The statement given by Laiki Bank’s former strongman, Greek financier Andreas Vgenopoulos, will be studied and assessed despite his own profession of innocence, Attorney-general Costas Clerides said on Wednesday.
He was referring to the much-awaited deposition given by the businessman to Greek authorities regarding allegations of his involvement in the alleged publication of misleading bulletins by the now-defunct lender in 2009 and 2010, which he gave on Tuesday in writing.
After delivering his written deposition, Vgenopoulos told reporters gathered outside the state attorney’s office in Athens that the case had already been archived (closed) by Greek authorities, which, coupled with his argument that the case is the remit of the Greek judicial system, constitutes precedent.
“This has all been much ado about nothing,” he said.
To this, Clerides replied on Wednesday that the Cypriot Legal Service will await receipt of the contents of Vgenopoulos’ deposition before assessing it.
Meanwhile, Vgenopoulos’ associates Efthimios Bouloutas and Marcos Foros, on trial in Cyprus in connection with a Laiki 2011 bulletin, still refuse to appear in court despite a decision by Greek authorities to extradite them.
In a joint statement on Wednesday, the two Greek nationals deployed the same line of defence as Vgenopoulos.
“[On Tuesday] the Athens district attorney’s office decided to archive the same case (depreciation of Laiki’s goodwill of Greek operations in the first nine months of 2011) that we are being indicted for in Cyprus!” the two Greek businessmen said.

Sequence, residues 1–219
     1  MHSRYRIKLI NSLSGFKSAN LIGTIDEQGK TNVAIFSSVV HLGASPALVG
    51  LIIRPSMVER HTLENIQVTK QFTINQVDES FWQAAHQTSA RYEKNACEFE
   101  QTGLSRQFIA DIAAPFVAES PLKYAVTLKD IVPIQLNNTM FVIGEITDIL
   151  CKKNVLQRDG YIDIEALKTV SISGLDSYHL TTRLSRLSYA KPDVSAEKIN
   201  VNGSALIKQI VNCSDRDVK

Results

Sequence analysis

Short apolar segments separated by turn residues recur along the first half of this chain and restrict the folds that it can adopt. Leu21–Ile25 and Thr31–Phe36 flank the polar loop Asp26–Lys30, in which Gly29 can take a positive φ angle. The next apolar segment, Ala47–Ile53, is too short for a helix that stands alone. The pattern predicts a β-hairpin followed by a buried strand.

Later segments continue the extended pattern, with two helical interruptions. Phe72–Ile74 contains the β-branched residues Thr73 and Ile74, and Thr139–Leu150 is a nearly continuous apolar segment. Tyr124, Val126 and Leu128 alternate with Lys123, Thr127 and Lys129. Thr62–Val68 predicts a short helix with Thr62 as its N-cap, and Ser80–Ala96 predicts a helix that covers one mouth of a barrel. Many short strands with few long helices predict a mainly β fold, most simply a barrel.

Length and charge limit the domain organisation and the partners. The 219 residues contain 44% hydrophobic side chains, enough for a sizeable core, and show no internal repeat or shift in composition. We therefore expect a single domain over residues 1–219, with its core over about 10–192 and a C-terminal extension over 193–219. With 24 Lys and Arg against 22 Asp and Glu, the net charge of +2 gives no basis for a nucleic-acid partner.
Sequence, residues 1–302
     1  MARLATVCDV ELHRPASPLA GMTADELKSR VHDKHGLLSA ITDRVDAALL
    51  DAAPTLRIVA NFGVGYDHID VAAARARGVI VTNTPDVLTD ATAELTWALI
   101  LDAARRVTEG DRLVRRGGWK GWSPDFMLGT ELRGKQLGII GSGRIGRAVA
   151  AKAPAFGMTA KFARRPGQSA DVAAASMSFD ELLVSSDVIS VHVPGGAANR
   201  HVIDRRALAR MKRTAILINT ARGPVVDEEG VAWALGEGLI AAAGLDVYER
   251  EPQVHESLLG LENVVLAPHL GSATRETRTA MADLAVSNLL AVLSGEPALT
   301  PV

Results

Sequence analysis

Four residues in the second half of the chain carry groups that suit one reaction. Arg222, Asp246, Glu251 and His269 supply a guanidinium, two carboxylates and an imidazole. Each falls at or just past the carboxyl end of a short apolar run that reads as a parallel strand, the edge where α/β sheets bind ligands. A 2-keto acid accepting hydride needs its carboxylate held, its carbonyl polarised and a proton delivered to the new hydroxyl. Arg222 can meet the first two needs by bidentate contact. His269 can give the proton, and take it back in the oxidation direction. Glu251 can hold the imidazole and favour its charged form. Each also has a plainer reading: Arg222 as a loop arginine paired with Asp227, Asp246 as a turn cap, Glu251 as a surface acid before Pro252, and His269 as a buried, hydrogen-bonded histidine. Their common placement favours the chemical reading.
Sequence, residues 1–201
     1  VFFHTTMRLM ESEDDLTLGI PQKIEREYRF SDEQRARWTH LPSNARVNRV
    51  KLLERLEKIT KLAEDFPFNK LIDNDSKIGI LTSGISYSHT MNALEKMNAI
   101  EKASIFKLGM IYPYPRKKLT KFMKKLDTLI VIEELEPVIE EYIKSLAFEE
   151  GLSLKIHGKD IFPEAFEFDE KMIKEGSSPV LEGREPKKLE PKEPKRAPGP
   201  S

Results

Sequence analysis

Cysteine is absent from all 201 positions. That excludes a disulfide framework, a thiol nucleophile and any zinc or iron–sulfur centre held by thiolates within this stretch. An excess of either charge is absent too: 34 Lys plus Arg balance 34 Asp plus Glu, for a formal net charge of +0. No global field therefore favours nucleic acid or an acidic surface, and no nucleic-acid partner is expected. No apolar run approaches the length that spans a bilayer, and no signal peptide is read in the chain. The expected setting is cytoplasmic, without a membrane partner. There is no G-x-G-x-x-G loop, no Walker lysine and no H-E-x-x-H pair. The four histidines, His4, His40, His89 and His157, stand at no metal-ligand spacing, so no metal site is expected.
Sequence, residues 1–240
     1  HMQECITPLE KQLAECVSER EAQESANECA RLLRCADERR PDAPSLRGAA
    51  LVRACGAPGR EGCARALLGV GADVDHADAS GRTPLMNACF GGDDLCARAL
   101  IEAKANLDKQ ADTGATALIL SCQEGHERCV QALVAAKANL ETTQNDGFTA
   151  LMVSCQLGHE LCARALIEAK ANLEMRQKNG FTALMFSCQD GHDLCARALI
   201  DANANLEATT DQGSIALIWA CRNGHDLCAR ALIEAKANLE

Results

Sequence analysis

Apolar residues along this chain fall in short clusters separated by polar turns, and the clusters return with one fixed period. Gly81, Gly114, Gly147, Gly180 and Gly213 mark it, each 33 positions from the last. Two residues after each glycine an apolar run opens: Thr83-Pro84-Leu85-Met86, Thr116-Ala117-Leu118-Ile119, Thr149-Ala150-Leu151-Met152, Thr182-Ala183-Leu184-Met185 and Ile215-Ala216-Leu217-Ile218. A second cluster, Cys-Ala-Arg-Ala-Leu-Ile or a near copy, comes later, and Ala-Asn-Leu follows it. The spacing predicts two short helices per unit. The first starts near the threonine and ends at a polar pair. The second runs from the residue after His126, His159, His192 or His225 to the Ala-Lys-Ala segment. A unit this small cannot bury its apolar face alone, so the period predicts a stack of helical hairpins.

“Thus, according to Greek justice […] we are innocent, we have committed no crimes. On the basis of the European precedent set by the above decision, it only a matter of time before the unfair defamation and suffering we and our families have been subjected to comes to an end.”
The Laiki trial is set to resume on Thursday. At the last hearing on May 11, the district court judge adjourned until June 23 so that arrest warrants against the two men could be executed.
“They are still wanted,” Clerides insisted.
In addition to Bouloutas and Foros, former Laiki Bank top officials Panayiotis Kounnis and Neoclis Lysandrou are also facing trial in connection with the 2011 case. They are facing charges of conspiracy to mislead the investing public, and keeping false accounts.
Kounnis and Lysandrou appeared in court at all three hearings, but Bouloutas and Foros, despite initially expressing their willingness to appear before court, they announced that, on advice of counsel, they “though it necessary to not appear, with a view to safeguarding other ongoing proceedings”.